Doctor, parents face trial in Egypt for girl’s death after genital mutilation

CAIRO, Feb 23, 2020 (Thomson Reuters Foundation) – A retired doctor and the parents of a 12-year-old girl who died after female genital mutilation (FGM) surgery are to stand trial in Egypt, with child rights campaigners calling for jail terms to deter others from the illegal practice.

Egypt’s Prosecutor General Hamada El-Sawy this weekend ordered the referral of the trio to the criminal court.

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Doctor Abdel Fadeel Rashwan and the parents of Nada Hassan Abdel-Maqsoud were arrested last month after her death at a private clinic in Manfalout, close to Assiut in southern Egypt, but then released on bail, causing public outrage.

“It is a serious step towards putting the defendants behind bars,” said Randa Fakhr El Deen, executive director of the NGOs’ Union Against Harmful Practices on Women and Children, hoping a tough punishment would discourage other cases of FGM.

Genital cutting of girls was banned in Egypt in 2008 but a 2016 survey by the U.N. Children’s Fund found 87% of women and girls aged 15-49 had undergone the ritual, which typically involves the partial or total removal of the external genitalia.

In 2016 the practice was made a felony, meaning doctors who perform the procedure can be jailed for up to seven years and anyone requesting the operation jailed for up to three years.

Activists, however, say the law has not been strictly enforced and the few found guilty tend to get light penalties.

World leaders have pledged by 2030 to eradicate FGM which can cause long-lasting mental and physical health problems, but campaigners say the ancient ritual remains deeply entrenched in many places.

An investigation after the arrests last month revealed that the child’s parents wanted their daughter cut and the doctor, aged about 70, conducted the surgery on their request.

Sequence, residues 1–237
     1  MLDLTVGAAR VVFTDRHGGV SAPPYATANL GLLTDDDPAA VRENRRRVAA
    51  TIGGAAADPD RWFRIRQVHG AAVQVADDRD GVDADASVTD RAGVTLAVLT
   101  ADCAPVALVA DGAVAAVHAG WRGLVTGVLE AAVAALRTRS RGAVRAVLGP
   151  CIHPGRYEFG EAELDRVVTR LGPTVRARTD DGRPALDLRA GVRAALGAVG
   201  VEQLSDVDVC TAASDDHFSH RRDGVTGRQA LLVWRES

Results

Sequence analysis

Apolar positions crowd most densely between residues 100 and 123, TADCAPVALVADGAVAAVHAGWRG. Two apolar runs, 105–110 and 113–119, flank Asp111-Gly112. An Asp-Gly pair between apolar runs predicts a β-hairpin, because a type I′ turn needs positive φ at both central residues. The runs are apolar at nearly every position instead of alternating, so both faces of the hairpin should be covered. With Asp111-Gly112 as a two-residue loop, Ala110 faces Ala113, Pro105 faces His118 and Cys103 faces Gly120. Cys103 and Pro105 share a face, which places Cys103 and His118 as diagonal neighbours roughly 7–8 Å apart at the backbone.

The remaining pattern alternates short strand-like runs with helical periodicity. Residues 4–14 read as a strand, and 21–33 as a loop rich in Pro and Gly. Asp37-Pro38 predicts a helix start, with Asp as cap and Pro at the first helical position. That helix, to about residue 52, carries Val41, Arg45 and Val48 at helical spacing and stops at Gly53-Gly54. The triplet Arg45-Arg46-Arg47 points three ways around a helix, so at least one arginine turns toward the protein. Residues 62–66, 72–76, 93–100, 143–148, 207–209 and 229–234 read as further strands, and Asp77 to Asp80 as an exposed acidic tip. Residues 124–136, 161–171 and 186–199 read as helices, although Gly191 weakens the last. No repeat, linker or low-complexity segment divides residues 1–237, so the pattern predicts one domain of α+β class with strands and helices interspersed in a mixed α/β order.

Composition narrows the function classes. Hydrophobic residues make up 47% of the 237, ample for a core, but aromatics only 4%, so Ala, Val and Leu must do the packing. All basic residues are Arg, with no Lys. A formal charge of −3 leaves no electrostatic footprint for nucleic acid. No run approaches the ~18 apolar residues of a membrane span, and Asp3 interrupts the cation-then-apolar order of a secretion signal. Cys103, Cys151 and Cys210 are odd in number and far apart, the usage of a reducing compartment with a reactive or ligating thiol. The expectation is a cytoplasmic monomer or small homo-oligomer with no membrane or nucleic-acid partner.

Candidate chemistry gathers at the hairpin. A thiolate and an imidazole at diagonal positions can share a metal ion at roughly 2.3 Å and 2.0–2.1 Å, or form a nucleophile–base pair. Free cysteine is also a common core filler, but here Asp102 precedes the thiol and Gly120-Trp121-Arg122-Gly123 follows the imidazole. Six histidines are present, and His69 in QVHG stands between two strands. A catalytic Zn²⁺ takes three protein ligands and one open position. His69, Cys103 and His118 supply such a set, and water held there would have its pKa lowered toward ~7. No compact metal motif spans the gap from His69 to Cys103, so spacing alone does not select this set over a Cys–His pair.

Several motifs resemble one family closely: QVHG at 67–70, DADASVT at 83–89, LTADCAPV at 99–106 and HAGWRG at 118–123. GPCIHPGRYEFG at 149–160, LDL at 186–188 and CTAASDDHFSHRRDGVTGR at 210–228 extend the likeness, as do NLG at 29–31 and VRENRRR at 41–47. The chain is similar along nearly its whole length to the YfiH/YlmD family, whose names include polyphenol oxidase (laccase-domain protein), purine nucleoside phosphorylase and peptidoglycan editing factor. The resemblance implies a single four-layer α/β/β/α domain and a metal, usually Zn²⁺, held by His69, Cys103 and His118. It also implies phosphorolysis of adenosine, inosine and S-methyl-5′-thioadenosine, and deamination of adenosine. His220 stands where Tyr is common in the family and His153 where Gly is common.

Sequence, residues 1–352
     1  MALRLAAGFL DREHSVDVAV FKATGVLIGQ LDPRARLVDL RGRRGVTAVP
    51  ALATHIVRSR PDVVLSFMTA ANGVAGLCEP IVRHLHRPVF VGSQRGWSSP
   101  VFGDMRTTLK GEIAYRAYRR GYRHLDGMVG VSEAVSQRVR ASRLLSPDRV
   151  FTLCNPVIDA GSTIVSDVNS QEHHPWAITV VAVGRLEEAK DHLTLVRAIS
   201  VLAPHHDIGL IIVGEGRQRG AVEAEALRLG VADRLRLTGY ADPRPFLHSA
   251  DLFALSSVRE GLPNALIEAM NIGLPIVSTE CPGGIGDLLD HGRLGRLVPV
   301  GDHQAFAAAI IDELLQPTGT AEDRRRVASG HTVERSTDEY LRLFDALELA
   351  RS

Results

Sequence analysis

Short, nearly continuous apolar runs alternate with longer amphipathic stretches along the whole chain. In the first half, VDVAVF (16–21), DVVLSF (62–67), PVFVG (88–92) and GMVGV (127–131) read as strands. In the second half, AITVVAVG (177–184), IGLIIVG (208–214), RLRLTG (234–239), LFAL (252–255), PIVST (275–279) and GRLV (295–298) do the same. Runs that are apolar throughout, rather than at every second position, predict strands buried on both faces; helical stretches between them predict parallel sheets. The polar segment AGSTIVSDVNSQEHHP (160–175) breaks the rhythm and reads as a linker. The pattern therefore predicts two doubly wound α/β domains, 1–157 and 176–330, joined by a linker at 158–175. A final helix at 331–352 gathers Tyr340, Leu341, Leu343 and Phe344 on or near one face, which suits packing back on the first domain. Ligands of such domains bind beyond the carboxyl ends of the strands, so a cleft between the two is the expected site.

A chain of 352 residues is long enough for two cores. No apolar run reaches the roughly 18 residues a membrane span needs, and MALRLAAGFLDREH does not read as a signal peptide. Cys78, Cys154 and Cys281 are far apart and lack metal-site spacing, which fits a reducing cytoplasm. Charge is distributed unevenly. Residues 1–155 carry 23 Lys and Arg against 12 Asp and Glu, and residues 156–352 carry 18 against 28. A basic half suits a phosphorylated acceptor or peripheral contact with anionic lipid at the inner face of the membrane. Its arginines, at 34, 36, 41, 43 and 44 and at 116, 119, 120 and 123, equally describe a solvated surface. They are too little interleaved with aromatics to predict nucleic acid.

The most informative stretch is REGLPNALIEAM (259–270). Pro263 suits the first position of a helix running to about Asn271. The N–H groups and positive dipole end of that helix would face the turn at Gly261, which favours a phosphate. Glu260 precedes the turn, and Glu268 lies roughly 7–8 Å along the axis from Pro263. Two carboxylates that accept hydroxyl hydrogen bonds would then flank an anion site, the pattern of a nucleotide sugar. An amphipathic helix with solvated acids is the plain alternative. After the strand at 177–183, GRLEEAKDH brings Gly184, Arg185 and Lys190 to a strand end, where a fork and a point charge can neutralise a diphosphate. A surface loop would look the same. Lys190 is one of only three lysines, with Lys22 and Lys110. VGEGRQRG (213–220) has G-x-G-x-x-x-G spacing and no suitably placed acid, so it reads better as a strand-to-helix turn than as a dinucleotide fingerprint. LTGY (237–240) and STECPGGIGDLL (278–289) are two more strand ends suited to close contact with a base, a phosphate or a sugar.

Prosecutors said the operation lasted about 30 minutes and left the girl unconscious. Efforts to revive her failed.

Most genital cutting in Egypt is carried out by doctors and nurses at private clinics, with the rest done at home, according to the Egypt Demographic and Health Survey of 2014.

But prosecutors said the hospital where the girl died had not had a license since August 2016, was ill equipped, and its operations room did not meet the terms for combating infection.

Egypt’s Prosecutor General Hamada El-Sawy called on parents not to expose their daughters to dangerous processes linked to obsolete customs and traditions.

“Be aware that their purity and chastity will not exist but through their good upbringing, embracing them and their enlightenment,” he said in a statement.

Reporting by Menna A. Farouk, Editing by Belinda Goldsmith @BeeGoldsmith. The Thomson Reuters Foundation, the charitable arm of Thomson Reuters,  covers the lives of people around the world who struggle to live freely or fairly. Visit http://news.trust.org